All Saints, West Dulwich
Long duration, participatory residency
Sara Mark’s residency at All Saints, West Dulwich took place over a liturgical year. Mark’s brief was to respond to Christian spirituality, engaging with the church’s space and enabling community participation. In response to this brief, Mark collected a ‘palette’ of ordinary objects and materials to ‘live’ in the church and be transformed by their use. Mark’s residency was unusual in its length; few institutions are able to host an artist for a full year. This commitment of time by the artist and clergy was repaid in the quality of artistic output and the depth of community engagement.
All Saints, West Dulwich is a Major Parish Church in the Diocese of Southwark in the Greater London Authority. It is Victorian, built between 1888-1891. It is an important example of the work of G.H. Fellowes Prynne and sits over large crypt spaces that are used by the wider community. All Saints suffered from a fire in 2000 that claimed the roof. It has since been restored, deliberately leaving visible the scars from the fire. The restored elements are modernist in style, including large windows which filter in light and a gallery above the nave. Since the fire, the parish has welcomed multiple artists who have presented temporary installations, participated in residencies or contributed permanent additions to the churches’ art collection. All Saints aims to enrich its community through support and by nurturing faith. The church has set up community projects in its locality via the charity ‘4ALL’. It also has an established partnership with the local ‘L’Arche’ group, a faith-based community formed of people with and without learning disabilities.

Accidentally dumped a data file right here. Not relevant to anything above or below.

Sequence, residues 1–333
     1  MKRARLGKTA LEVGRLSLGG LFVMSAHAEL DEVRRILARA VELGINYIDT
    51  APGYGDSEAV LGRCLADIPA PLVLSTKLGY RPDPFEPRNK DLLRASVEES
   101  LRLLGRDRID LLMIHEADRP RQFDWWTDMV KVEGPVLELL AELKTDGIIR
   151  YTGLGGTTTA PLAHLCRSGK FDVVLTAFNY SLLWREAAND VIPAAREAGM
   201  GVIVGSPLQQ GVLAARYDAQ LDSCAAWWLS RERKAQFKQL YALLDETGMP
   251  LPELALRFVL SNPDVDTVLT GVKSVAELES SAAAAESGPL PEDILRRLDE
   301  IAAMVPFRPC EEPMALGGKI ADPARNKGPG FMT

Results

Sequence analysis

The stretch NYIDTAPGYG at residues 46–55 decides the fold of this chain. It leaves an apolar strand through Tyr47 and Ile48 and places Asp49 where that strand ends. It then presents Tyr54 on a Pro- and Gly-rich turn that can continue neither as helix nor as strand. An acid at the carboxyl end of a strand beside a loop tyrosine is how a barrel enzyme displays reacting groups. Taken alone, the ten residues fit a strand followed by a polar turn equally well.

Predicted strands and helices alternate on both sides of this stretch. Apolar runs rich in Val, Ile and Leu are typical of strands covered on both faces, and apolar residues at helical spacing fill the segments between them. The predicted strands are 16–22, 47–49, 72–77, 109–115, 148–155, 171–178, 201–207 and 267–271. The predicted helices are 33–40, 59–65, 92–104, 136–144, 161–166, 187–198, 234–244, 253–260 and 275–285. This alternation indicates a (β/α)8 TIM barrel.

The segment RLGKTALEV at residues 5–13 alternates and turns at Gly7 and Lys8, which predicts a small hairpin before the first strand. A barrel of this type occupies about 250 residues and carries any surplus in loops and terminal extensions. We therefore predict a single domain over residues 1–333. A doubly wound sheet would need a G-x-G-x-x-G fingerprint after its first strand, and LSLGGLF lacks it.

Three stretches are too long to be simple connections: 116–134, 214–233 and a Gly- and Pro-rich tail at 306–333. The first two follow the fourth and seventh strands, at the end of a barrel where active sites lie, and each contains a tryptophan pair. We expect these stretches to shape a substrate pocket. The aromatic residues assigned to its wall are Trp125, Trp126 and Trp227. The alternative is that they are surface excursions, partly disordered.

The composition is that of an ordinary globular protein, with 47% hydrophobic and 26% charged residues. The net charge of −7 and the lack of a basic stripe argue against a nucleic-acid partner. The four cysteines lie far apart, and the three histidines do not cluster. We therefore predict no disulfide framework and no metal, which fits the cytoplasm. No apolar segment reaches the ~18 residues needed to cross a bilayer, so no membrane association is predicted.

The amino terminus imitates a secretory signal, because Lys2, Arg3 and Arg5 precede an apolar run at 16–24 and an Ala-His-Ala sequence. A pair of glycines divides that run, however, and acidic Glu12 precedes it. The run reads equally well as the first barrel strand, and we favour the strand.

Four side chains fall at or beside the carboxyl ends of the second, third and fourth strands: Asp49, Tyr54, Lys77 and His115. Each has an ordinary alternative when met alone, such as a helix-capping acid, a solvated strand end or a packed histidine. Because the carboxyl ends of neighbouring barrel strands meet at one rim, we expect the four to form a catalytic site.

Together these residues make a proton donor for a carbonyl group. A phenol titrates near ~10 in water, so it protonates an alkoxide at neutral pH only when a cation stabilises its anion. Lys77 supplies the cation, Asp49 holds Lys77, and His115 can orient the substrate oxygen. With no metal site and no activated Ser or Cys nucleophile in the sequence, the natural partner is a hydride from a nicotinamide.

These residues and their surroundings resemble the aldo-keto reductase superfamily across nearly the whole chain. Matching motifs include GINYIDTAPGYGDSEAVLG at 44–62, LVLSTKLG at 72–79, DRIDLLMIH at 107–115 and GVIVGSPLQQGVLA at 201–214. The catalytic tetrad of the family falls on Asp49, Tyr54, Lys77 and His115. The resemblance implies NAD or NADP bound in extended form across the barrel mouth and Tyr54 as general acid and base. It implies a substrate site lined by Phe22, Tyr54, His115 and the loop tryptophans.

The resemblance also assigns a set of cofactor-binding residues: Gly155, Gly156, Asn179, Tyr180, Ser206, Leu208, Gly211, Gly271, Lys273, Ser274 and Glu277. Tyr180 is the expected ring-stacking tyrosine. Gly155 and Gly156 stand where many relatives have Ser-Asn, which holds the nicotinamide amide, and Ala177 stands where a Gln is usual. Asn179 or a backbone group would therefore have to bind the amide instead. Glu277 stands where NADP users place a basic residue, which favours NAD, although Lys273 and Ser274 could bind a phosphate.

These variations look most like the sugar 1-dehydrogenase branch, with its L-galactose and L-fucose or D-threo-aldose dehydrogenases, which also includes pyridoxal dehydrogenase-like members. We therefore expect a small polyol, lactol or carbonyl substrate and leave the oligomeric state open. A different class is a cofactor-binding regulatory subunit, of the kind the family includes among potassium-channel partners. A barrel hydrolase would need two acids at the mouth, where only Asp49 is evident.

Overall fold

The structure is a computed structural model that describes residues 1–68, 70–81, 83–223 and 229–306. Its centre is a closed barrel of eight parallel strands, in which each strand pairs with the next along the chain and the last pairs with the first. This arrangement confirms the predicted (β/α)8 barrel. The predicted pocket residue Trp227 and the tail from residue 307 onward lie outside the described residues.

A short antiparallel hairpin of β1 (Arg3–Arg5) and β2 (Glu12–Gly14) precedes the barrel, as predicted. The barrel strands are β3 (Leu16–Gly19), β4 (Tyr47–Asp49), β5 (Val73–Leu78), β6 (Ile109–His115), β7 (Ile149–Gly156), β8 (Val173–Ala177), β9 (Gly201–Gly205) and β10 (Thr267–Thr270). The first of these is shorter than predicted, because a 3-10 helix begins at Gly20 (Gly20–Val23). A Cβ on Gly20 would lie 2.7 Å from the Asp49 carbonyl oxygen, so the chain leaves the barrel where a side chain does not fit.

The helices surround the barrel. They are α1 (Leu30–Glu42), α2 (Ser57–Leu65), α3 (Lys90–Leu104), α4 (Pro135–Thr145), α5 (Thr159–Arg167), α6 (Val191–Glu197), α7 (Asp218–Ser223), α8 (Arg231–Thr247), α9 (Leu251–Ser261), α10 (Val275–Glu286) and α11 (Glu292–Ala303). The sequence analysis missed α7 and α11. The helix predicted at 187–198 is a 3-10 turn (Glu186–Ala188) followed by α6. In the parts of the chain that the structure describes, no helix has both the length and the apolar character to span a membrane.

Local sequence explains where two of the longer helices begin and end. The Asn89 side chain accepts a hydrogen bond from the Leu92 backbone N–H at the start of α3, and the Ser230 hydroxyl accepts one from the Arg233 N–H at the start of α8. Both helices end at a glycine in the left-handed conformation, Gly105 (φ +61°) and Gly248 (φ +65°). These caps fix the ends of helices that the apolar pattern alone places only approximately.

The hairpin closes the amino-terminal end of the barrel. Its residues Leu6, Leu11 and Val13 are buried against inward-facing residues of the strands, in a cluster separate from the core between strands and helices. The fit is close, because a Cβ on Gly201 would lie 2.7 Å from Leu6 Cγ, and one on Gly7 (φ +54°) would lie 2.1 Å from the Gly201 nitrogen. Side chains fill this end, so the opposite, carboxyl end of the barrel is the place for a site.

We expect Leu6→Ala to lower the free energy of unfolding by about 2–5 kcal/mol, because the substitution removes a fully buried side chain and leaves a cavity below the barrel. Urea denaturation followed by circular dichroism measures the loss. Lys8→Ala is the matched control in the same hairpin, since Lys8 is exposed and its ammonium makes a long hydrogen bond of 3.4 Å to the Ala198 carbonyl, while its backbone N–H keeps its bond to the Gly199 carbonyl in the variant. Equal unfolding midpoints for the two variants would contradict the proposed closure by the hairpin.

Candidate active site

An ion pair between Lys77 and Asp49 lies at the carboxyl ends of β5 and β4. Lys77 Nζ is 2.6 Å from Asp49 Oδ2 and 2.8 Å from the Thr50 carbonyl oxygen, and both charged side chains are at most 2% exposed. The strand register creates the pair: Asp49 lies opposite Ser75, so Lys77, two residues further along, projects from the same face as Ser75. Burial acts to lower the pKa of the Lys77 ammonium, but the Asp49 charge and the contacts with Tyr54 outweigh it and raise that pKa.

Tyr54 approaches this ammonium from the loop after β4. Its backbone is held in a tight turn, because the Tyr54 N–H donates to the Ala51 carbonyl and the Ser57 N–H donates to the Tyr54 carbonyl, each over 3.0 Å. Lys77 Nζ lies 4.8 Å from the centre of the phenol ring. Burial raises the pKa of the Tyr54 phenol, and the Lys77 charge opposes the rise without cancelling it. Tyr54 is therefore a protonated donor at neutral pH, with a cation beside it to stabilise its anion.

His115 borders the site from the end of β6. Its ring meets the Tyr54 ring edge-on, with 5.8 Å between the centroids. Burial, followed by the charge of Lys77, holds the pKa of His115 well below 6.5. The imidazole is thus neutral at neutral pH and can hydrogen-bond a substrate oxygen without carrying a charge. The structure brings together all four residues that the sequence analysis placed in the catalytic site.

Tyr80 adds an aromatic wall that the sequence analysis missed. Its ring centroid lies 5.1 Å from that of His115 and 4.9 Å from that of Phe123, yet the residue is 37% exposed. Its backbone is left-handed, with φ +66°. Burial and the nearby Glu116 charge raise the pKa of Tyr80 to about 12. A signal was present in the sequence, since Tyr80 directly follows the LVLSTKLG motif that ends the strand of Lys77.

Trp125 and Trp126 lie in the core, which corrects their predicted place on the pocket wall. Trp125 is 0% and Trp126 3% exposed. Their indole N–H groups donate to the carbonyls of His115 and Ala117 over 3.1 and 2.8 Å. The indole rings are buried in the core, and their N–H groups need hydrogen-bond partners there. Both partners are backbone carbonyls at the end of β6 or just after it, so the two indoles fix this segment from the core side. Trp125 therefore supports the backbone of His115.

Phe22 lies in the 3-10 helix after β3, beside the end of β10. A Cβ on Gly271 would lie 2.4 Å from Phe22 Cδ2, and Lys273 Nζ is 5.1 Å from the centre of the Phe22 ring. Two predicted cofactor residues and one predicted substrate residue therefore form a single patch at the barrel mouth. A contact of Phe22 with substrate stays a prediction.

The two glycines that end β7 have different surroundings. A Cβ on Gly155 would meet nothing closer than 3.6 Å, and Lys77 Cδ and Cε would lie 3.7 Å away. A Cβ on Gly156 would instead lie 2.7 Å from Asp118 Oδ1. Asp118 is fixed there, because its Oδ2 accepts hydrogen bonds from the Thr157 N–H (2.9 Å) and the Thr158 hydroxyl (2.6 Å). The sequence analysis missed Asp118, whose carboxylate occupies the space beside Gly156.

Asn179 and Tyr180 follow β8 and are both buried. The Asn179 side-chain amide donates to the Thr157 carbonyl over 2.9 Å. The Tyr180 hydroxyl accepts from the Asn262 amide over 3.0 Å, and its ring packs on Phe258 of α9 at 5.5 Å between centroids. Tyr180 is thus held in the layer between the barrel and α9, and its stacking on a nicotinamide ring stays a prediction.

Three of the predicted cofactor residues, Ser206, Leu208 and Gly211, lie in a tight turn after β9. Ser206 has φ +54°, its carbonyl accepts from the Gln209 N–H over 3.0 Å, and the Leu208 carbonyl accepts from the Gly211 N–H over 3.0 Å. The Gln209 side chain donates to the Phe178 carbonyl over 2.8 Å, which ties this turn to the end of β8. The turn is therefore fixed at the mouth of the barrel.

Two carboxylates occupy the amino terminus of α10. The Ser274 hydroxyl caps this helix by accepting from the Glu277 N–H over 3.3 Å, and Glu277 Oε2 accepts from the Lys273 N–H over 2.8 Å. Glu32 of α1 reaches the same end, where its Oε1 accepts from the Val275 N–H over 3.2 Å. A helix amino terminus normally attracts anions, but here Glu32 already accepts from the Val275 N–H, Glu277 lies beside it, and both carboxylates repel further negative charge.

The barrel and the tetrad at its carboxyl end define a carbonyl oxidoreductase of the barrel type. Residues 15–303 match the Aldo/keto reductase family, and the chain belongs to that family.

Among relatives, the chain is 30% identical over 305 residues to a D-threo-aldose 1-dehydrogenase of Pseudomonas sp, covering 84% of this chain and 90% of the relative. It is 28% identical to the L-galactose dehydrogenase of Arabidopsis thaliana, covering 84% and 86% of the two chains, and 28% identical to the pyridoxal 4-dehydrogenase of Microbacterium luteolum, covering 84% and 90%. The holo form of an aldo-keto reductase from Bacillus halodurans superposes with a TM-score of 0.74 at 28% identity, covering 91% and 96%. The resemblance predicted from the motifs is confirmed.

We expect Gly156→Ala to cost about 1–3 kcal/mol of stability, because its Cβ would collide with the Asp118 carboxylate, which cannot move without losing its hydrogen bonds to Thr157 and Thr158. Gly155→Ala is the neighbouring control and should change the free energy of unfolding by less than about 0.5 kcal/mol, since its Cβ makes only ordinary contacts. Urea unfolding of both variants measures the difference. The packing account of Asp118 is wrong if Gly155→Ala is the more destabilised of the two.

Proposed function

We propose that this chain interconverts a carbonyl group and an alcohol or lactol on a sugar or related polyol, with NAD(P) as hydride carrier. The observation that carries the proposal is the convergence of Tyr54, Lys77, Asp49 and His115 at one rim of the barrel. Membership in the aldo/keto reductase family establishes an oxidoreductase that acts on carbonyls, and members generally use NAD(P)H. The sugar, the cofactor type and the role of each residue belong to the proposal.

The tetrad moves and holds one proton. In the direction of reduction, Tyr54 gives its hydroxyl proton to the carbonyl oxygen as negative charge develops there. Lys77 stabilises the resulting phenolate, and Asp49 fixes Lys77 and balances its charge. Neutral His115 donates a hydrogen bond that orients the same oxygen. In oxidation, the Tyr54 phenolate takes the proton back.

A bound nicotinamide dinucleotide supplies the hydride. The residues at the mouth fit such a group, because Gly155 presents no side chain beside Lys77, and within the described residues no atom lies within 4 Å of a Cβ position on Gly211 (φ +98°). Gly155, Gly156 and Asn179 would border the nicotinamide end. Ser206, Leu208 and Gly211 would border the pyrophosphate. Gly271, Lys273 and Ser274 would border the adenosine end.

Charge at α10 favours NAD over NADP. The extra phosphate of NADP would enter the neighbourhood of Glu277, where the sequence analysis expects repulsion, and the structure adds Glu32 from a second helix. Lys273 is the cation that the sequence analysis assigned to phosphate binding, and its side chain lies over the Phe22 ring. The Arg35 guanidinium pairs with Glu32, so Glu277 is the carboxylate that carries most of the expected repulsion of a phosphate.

‘An important part of my practice is collaborative-making by ‘Expressive Instruction’; for example sending a blacksmith a poem commissioning a ‘hook to hold everything up’. This type of responsive work with local crafts-people, performers, schools and the community has been a powerful aspect of the Residency.’ Sara Mark